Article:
Dogodogo is a collection of personal stories told by Isaac, Moses, Edward, Amos, Aloys, Rajabu, Dickson, and Emmanuel. What began as a strategy to practice the past tense in the first person by telling stories led to the production of this emotional collection: the individual and collective experiences of street children in Tanzania. Although the stories are different, they share common themes of pain, loss, and rejection. The book is written by Kasia Parham, a volunteer teacher of English at the Dogodogo center, compiled from the children’s oral accounts. Dogodogo means “little” and is a common Kiswahili term used in Tanzania to refer to a child. Parham allows the children to tell their own stories of how they endured poverty, hunger, domestic violence, child labor, and deprivation of basic necessities. The children recount how they ran away to Dar es Salaam to escape their harsh lives, but when they got to the city, realized that, to most of the adults, they were invisible. Although the children tell their heart-rending stories of hardship, they also exhibit a resolve and determination to find a better future: as they put it: “[w]e survived the streets, we can survive, we can manage”. The children have not only told the stories, but also illustrated parts of the book, showcasing some of the talents that have been harnessed by the Dogodogo center.
Dogodogo: Tanzanian Street Children Tell Their Stories
Dar es Salaam: Macmillan
49pp. ISBN 978-0-230-72212-5
(non-fiction, 12+) [End Page 9]
The title of this picturebook by the Cypriot author Marina Michaelidou-Kadi and the award-winning German illustrator Constanze von Kitzing is as enigmatic as the smile of the little girl on the front cover. What is it that makes Semeli smile? Semeli seeks the source of genuine happiness by asking her mother and friends, searching in books, and questioning her grandfather. What makes people smile? He wisely does not give her a clear answer trusting her critical abilities, he simply tells her that “Something different makes each person smile,” leaving her space and time to rethink and investigate. A conflict over a coveted red bicycle and a wounded puppy helps her decide. In this high-quality edition, published by the Bank of Cyprus Cultural Foundation, the reader is taken on a journey through a young girl’s changing understanding of the world. The book’s colorful illustrations initiate a symbolic play with hidden red hearts, keeping the reader searching for them throughout the book, and implying an answer to Semeli’s question. Semeli’s Smile is a story about valuing love and affection over the superficial pleasures of materialism. In our consumer–driven societies, it gently reminds the child reader that true happiness cannot be bought, and instead can be found by caring for others.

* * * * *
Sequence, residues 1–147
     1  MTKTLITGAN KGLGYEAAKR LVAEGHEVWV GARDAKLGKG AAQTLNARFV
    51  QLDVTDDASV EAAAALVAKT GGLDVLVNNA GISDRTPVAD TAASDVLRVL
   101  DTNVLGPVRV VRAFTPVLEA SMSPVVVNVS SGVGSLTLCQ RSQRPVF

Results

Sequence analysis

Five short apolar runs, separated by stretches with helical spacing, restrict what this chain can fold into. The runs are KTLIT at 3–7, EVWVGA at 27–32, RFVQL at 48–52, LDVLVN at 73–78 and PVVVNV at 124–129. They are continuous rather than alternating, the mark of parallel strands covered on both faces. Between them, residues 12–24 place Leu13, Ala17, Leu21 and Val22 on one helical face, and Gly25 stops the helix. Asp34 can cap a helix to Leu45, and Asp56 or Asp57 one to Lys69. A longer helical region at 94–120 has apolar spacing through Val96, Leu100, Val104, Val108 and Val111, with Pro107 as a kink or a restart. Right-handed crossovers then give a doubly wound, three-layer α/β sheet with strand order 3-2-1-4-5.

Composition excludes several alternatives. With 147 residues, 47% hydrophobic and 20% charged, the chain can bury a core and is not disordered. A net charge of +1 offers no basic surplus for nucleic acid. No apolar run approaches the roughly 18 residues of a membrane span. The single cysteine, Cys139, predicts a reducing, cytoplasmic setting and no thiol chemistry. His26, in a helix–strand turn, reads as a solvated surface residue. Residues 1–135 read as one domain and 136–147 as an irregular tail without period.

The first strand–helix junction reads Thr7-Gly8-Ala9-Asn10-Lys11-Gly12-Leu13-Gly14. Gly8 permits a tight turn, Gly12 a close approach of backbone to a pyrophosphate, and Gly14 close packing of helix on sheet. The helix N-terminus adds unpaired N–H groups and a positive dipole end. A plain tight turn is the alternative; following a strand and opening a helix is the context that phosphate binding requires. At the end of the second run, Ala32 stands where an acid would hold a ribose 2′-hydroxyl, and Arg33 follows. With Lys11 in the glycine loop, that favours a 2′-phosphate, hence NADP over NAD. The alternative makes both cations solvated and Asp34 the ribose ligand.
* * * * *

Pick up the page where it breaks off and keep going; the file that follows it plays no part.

To chamogelo tis Semelis
Illustrator: Constanze von Kitzing
Cyprus: Bank of Cyprus Cultural
40 pp, ISBN: 9789963429196
(picturebook, 5+) [End Page 19]
Did the earth really move? J.O de Graft Hanson introduces the reader to two curious siblings, Kofi Taatna and Esi Nworaba, and their cousin Ebow Kobena. Through these brave young children the writer throws light on the legends of Ghana, the beliefs of the people of Moree in particular and Ghanaians in general in the ancestors’ and the peoples’ reverence for the gods and the elders. The People from the Sea is a novel for 9–12 year olds that combines a fictional narrative with legendary stories of how the people of Asebu, a village near Cape Coast in the Central Region of Ghana, and Akatakyiwa, a village also in the central Region, came into being. Originally published in 1988, it has recently been re-released for a modern child readership. J.O de Graft Hanson fuses his narrative with traditional stories and myths as well as legendary songs to paint a vivid picture of Ghanaian belief systems centering on some of the historic events of the Central Region. The novel ends with the earthquake that...